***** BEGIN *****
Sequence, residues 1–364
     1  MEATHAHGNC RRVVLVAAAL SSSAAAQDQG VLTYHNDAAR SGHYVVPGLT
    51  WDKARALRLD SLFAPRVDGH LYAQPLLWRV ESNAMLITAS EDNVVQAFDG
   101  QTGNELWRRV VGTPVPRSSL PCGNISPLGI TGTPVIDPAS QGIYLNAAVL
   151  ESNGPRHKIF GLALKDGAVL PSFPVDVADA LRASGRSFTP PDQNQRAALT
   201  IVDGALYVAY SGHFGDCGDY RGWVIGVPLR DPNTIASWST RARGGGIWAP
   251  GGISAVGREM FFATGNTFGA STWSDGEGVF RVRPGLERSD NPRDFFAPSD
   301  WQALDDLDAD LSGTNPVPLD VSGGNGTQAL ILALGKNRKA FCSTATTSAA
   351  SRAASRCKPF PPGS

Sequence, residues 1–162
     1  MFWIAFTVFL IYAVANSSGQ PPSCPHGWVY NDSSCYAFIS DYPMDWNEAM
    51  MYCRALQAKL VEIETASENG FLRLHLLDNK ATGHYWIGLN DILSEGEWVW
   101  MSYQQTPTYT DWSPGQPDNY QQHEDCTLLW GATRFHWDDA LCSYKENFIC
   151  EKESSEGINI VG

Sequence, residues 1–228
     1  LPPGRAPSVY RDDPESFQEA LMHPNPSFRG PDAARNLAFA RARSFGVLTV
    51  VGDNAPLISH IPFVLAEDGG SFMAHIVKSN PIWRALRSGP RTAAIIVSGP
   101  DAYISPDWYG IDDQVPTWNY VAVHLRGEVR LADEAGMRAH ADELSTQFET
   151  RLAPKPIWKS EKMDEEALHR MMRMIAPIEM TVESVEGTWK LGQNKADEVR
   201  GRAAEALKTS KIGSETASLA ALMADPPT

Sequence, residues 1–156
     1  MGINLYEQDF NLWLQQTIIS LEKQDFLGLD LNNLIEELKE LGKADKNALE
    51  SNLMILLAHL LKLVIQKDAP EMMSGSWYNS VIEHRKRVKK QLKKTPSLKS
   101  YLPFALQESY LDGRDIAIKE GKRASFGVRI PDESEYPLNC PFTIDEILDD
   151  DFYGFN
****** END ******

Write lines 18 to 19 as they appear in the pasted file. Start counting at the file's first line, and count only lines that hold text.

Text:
   101  DAYISPDWYG IDDQVPTWNY VAVHLRGEVR LADEAGMRAH ADELSTQFET
   151  RLAPKPIWKS EKMDEEALHR MMRMIAPIEM TVESVEGTWK LGQNKADEVR